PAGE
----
Photo of an orchard butterfly: Papilio aegeus (Papilionidae).

An orchard butterfly: Papilio aegeus (Papilionidae).

Moth and butterfly (Lepidoptera) research at CSIRO

Researching moths and butterflies (Lepidoptera) is an important activity at the Australian National Insect Collection (ANIC).

  • 13 March 2006 | Updated 10 April 2013

Lepidoptera (moths and butterflies) is one of the five ‘mega-diverse’ insect orders which includes butterflies, probably one of the best-loved insect groups.

Lepidoptera are characterised by wings covered with minute overlapping scales, responsible for the often colourful wing patterns. These scales also provide vital insulation against heat loss, making moths the dominant night-active insect group.

Lepidopteran larvae (caterpillars) are radically different from the adult, feeding almost exclusively on live and, more rarely, on dead plant tissue.

Almost all adult Lepidoptera possess a coiled proboscis to make use of nectar sources.

Lepidopteran larvae (caterpillars) are radically different from the adult, feeding almost exclusively on live and, more rarely, on dead plant tissue.

Lepidoptera includes some of the major pests to food production

Distribution

Worldwide there are close to 150 000 Lepidoptera species that have been named and grouped in 122 families. The estimated total of species is between three and five hundred thousand.

The Australian fauna is thought to total about 22 000 species of which approximately 10 500 are named. Only 400 of these are butterflies.

Australia's endemic and distinctive Lepidoptera fauna is derived from the ancient Gondwanan fauna and more recent arrivals from the Oriental region.

Australia also has a particularly large number of micromoths, which are possibly more suited to the harsh and dry climate.

CSIRO research

Our Lepidoptera research is focussed on scientifically or economically important, often 'difficult' groups which are monographed at the generic level, to provide a basis for further studies. Strong emphasis is given to information about host plants and biology.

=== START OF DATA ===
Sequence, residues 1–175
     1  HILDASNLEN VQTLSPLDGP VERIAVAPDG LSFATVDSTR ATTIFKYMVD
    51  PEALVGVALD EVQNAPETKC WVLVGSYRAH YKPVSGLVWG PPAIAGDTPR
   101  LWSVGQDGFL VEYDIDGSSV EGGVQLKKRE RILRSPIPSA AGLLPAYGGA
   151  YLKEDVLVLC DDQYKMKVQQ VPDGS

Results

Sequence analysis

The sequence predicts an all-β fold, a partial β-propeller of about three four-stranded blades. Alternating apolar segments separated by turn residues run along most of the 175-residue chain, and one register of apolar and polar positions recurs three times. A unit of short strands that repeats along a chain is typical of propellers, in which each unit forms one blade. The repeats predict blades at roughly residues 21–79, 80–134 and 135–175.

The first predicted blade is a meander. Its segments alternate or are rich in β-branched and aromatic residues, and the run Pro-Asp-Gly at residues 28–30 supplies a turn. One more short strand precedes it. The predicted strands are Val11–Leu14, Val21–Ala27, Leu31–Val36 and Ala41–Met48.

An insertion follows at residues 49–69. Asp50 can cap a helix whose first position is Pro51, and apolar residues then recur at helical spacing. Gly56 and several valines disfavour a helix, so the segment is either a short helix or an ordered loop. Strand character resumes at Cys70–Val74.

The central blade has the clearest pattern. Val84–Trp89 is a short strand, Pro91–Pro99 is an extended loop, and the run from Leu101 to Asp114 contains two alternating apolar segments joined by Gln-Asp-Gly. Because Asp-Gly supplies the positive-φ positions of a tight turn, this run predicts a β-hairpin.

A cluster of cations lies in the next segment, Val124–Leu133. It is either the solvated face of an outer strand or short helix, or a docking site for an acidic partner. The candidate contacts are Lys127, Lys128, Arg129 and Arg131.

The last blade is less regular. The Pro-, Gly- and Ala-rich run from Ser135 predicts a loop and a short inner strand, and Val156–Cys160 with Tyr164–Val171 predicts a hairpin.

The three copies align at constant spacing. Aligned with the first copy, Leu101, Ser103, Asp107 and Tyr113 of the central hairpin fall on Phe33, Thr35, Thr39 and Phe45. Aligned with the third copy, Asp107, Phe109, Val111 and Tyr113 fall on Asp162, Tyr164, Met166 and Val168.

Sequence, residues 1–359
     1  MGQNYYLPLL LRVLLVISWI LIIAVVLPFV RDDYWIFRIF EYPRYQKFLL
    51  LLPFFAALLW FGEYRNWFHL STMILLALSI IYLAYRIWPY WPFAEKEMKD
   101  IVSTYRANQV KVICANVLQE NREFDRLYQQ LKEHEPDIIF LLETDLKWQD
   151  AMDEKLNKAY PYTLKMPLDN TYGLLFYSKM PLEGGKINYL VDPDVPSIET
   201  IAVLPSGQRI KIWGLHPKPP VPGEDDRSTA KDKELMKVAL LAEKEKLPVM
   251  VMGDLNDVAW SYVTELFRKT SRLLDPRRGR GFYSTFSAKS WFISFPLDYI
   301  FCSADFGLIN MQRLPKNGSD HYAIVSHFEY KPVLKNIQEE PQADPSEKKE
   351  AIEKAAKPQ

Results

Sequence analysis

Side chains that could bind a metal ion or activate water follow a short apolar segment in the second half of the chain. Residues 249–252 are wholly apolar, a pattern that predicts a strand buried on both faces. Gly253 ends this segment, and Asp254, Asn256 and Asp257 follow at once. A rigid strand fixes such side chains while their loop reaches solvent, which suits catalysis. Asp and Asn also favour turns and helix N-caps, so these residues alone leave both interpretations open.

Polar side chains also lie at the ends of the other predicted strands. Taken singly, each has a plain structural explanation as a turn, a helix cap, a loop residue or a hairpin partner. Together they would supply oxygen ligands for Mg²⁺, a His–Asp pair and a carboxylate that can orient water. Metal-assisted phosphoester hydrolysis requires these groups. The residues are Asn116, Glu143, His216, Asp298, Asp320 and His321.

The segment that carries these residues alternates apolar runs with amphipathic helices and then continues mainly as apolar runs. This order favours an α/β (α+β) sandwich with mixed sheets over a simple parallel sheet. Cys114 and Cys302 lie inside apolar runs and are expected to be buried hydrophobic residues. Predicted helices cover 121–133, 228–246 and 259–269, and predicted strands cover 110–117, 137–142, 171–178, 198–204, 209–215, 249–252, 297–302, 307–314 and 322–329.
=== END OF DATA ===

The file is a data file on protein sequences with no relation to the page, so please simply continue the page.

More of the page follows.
Monographic studies of large Australian groups by overseas specialists are instigated and supported by CSIRO.

Our acclaimed book series Monographs on Australian Lepidoptera, is the major outlet for our scientific results and has now reached the tenth volume.

Current projects

Olethreutine genera of Australia (Tortricidae)
A revision of the 90 Australian genera of this economically important group, which includes many fruit borers.

The Australian genera of the Phycita group (Pyralidae: Phycitinae)
A revision of the genera (about 35) present in Australia is resulting in a taxonomic re-organisation of this economically important group.

Sun moths of Australia: a revision of the Castniidae
A species-level study of these attractive day flying moths, an ecologically interesting group tied to native grasslands and sedgelands.

Phylogeny and taxonomy of Anthelidae
Morphological and molecular research into this small family of about 90 described species endemic to Australia and New Guinea.

Australian moths online
Developing a rapidly growing website which includes more than 3 000 reliably identified images of Australian moths. Visit Australian moths online: a photo gallery.

A picture book of live Australian moths
Assembling a representative collection of close-up photographs of live moths with descriptive captions and an introduction to moth biology.

Tribal level phylogeny of Tortricidae based on three DNA sequence regions
Producing a preliminary phylogeny based on sequencing more than 4 000 base pairs of DNA, for a sample of tortricid tribes.

Diagnostics of pest Lepidoptera
Diagnosing selected Lepidoptera pests and similar looking native species by DNA and morphology, and producing an interactive key.

Find out what publications are available from CSIRO PUBLISHING: Australia’s premier science and technology publisher.